The discovery of shell-middens (mounds) in Las Bela, Balochistan, from roughly 8000 BCE raises the possibility of trade across the Arabian Sea during Neolithic times.
Articles on economics, monetary system, standardized weights and measurements, commerce, and trade of the ancient Indus Valley people and other nearby civilizations
The landscape and mapping project around the now dry riverbed of the Beas river has cast important light on how ancient riverine settlements and environments interacted with an urban center like Harappa.
A comprehensive and important paper that actually takes on the much larger question of Mesopotamian to Indus influence which animated the work of earlier archaeologists. Clark discusses so-called "Harappan courtiers," figurines with tiaras and flower headresses that are thought to have parallels with Mesopotamian artifacts, particularly the royal burial goods of Queen Puabi.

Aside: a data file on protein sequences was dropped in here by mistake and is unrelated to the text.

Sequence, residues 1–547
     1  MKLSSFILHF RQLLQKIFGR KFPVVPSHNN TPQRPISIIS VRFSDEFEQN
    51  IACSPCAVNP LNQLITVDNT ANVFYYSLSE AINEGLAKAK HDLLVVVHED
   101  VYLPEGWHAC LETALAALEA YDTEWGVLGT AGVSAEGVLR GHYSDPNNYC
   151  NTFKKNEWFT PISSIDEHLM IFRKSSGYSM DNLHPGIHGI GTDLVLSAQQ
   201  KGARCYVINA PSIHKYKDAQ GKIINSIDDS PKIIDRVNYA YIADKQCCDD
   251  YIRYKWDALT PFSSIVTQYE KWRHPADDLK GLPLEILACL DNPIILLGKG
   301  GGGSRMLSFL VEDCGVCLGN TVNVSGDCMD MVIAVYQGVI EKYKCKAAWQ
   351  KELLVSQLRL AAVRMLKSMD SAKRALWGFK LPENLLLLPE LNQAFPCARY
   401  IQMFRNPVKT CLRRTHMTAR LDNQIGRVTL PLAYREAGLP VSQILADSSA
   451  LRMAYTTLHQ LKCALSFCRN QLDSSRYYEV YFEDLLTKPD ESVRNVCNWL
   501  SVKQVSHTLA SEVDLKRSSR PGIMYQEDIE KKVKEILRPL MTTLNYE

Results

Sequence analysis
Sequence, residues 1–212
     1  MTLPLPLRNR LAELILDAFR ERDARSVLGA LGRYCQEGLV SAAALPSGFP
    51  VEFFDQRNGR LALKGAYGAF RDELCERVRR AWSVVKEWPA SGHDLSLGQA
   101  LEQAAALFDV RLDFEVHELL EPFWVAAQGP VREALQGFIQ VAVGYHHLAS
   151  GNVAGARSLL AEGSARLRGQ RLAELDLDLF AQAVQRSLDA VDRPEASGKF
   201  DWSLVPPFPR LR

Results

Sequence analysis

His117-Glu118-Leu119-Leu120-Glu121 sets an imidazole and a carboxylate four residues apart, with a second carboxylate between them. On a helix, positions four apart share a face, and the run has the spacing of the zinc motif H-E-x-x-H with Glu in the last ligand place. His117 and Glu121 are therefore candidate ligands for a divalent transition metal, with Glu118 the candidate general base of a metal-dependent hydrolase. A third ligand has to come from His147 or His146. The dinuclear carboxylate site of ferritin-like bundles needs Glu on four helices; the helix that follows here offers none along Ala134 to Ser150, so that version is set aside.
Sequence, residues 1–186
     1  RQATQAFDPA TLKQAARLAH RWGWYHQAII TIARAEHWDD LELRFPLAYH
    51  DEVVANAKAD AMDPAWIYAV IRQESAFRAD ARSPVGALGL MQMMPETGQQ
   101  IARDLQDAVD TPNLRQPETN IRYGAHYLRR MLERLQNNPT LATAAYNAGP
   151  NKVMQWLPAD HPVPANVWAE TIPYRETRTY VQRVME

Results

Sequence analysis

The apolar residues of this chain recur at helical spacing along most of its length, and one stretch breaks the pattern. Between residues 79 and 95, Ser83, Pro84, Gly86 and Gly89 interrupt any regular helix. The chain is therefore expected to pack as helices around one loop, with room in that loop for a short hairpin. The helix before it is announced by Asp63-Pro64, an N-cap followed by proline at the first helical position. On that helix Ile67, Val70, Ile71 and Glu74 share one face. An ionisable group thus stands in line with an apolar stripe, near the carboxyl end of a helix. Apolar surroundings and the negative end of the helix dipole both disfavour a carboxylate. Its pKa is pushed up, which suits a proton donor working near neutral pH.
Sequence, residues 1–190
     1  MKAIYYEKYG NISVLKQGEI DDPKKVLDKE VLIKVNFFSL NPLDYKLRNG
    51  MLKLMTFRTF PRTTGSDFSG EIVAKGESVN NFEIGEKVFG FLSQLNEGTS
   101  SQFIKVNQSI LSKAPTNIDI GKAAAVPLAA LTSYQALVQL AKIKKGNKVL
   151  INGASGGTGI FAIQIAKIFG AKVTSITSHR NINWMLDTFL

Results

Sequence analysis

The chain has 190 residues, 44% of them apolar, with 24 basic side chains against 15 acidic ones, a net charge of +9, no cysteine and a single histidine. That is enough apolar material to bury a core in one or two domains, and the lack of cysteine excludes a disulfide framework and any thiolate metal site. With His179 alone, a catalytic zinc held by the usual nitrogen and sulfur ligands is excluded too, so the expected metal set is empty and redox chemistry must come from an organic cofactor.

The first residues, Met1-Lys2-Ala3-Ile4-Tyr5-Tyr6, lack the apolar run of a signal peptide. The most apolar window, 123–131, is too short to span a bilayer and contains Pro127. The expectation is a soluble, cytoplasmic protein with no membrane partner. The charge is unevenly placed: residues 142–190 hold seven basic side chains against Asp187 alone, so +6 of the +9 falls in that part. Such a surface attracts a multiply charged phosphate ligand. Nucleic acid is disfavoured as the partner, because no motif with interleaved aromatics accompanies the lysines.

A review of recent research and findings in Sindh, and a review of a book on the larger Paleolithic Settlement of Asia over the past 100,000 years.
Dr. Dupree, a noted expert on Afghanistan, presents a summary of the noted Harappan outpost in the Kunduz region of the Oxus Valley, a site which emphasizes the importance of the lapus lazuli trade.
The apparently sudden appearance of Indus-type seals, pottery and other implements around 2000 BCE in the Arabian Gulf, just before the Indus cities and culture seems to have gone into decline, is a great mystery.
The exchange and communication systems that connected distant parts of the Indus Civilization (c. 2600 to 1900 BC) and beyond had roots beginning in the early Neolithic period.
A detailed analysis of a rare white marble cylinder seal found at the recently discovered site of Jiroft in south-eastern Iran testifies to the multiple cultural and trade connections between the Indus civilization and its western neighbours.
"Recent work on Mesopotamian chronology supports the theory, maybe first proposed by Bibby (1970: 355), that long-distance trade between the two partners was initiated from the Indus."